Chairman of Peace Mass Transit Limited, Dr Samuel Maduka Onyishi, has said that the road transporters are choking under the Central Bank of Nigeria (CBN) new cashless policy regime that attracts percentage charges for cash deposits above N3 million, and called on the federal government to review it.
Addressing Journalists in Enugu to showcase the ‘2016 best customer in Nigeria’ awarded to the company by the Japanese automaker, Toyota, Onyishi said road transporters should be exempted from the policy since they serve the down trodden, who normally deal with cash.
The Toyota 2016 best customer in Nigeria, which was conferred on Peace Mass Transit last week in Lagos, came with a commemorative plaque and a cash prize of N2 million.
Speaking while displaying the award which he dedicated to God, the transporter said the policy which attracts three per cent of the sum has added to the burden of operators, since over 95 per cent of Nigerians who travel by road pay cash at the point of departure.
He noted, “Most of the people that patronise us are rural men and women who may not have any business with banks, or doing transactions online. They are not like those in the aviation or shipping sectors that believe it is easier to transact online. So when they pay us cash and we go to deposit the money and pay percentage on the money, it means extra charges on us, and we think the federal government should look into it. ”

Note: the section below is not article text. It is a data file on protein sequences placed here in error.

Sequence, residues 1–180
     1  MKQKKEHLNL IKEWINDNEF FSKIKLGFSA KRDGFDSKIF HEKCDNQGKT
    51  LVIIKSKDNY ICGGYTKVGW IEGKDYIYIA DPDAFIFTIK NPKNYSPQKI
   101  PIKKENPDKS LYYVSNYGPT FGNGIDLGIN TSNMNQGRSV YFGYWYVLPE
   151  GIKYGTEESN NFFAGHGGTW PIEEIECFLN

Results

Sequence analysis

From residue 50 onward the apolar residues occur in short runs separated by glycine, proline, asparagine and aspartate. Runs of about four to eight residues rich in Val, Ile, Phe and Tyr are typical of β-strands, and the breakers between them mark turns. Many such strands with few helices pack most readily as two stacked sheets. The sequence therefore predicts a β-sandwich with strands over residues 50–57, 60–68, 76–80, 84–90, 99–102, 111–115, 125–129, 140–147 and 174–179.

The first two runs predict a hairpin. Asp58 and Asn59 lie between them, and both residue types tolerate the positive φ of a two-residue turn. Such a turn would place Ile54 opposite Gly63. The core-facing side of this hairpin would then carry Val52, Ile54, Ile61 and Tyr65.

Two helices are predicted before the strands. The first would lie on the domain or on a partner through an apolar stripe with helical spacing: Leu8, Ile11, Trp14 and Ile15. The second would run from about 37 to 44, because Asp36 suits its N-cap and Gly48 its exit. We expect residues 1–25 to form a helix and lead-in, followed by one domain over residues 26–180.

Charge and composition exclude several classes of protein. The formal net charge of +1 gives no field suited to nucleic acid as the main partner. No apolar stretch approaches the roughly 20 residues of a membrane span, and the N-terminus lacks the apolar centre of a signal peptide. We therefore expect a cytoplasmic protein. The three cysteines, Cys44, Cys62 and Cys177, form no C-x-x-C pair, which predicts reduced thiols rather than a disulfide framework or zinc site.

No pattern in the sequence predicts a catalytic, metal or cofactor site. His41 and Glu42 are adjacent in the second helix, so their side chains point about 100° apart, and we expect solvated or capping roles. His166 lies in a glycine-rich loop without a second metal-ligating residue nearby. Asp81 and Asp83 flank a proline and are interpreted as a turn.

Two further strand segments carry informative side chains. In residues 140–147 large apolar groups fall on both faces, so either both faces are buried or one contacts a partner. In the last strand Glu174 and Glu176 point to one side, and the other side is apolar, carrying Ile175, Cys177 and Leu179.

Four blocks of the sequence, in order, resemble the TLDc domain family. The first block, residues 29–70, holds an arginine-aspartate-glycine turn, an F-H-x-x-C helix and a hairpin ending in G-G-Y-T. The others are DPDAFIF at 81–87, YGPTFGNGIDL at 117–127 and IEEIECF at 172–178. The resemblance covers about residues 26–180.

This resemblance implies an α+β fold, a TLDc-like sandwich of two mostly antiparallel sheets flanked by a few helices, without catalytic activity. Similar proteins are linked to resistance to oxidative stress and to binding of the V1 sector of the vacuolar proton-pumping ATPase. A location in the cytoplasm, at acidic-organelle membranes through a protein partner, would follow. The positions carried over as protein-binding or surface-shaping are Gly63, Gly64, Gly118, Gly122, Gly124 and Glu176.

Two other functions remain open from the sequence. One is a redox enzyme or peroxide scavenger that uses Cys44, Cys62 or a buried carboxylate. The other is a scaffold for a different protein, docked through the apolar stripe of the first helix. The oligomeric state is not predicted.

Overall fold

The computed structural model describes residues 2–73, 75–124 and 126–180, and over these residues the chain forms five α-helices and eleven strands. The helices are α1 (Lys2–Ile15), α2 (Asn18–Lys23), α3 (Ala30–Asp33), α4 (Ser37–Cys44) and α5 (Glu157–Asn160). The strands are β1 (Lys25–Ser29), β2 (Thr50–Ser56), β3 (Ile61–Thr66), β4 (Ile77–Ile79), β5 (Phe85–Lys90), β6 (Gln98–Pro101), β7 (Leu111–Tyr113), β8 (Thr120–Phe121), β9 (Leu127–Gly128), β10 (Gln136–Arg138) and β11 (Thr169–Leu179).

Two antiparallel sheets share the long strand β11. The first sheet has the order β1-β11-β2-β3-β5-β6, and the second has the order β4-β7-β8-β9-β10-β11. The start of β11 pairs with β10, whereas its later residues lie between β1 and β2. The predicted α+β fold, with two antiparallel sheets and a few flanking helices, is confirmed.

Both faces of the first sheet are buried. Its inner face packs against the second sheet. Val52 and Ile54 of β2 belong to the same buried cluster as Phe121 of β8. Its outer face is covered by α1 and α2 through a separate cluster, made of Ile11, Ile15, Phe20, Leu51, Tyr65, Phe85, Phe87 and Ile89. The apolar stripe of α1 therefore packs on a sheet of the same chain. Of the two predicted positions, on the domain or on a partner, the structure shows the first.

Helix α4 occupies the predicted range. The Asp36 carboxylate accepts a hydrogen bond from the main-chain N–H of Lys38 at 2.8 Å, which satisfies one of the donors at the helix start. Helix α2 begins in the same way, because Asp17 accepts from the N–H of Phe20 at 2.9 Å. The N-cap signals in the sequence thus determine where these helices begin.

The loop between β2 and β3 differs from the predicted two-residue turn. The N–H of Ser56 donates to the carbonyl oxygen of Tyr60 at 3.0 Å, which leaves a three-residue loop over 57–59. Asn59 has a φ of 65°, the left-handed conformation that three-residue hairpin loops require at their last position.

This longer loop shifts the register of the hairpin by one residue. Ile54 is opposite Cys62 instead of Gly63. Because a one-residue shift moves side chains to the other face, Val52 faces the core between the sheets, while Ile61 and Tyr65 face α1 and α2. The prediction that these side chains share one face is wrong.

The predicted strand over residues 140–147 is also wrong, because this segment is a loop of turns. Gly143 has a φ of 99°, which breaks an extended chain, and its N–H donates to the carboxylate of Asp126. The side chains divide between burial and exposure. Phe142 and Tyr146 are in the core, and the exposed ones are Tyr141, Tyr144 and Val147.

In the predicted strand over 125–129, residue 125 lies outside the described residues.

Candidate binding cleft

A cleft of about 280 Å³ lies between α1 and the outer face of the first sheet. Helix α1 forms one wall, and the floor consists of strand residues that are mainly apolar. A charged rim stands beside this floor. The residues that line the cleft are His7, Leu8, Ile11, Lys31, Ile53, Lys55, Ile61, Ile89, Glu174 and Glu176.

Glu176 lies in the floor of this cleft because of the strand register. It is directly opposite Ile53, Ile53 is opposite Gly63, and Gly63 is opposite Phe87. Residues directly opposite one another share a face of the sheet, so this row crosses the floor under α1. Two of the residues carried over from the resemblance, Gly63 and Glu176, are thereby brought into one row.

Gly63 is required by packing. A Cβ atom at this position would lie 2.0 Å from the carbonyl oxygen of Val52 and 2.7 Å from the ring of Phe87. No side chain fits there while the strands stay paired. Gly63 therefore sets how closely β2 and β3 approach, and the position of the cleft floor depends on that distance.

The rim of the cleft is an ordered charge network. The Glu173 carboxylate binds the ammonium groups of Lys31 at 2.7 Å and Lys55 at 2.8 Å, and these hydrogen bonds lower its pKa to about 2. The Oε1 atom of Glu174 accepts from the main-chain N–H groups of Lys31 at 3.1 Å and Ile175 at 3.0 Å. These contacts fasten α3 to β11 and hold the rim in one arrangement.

Onyishi also called for more support from government to the road transporters, stressing that it was unfair to continue to bail out the aviation and shipping sectors without offering any assistance to road transporters when millions of Nigerians travel by road.
“When government gives funds to the aviation and shipping sectors, such gestures should be extended to the road transporters. You cannot continue to give funds to airlines when they are in need, and not asking the road transporters how they are coping, knowing that we are also contributing to the development of the economy and that our spare parts are sourced from abroad using foreign exchange.
“Now we collect money in naira and when we want to buy spare parts we buy in dollar. For some time now, there has been scarcity of dollar, and dollar increases and this is telling on transporters. Most of us can no longer buy new vehicles because the price is high. There are many who have to lay off their workers because of the recession, as they can no longer meet with increasing demands. But what I am saying is that we should also be part of government’s plan to boost the economy,” he said.
He said that since inception, Peace Mass Transit has strived to enhance the safety of Nigerians who travel by road by introducing the speed limiting device, compulsory seat belt for all passengers, three persons per seat, retraining of drivers as well as compensation to passengers where necessary.
The company according to him moves over 30,000 passengers daily with about 2000 mini-buses that are in active operation in 60 bus terminals across the country.
He said the award would enable him continue to strive for the best for the industry, adding that since it started operation in 1996, it has not borrowed from any bank to finance its business.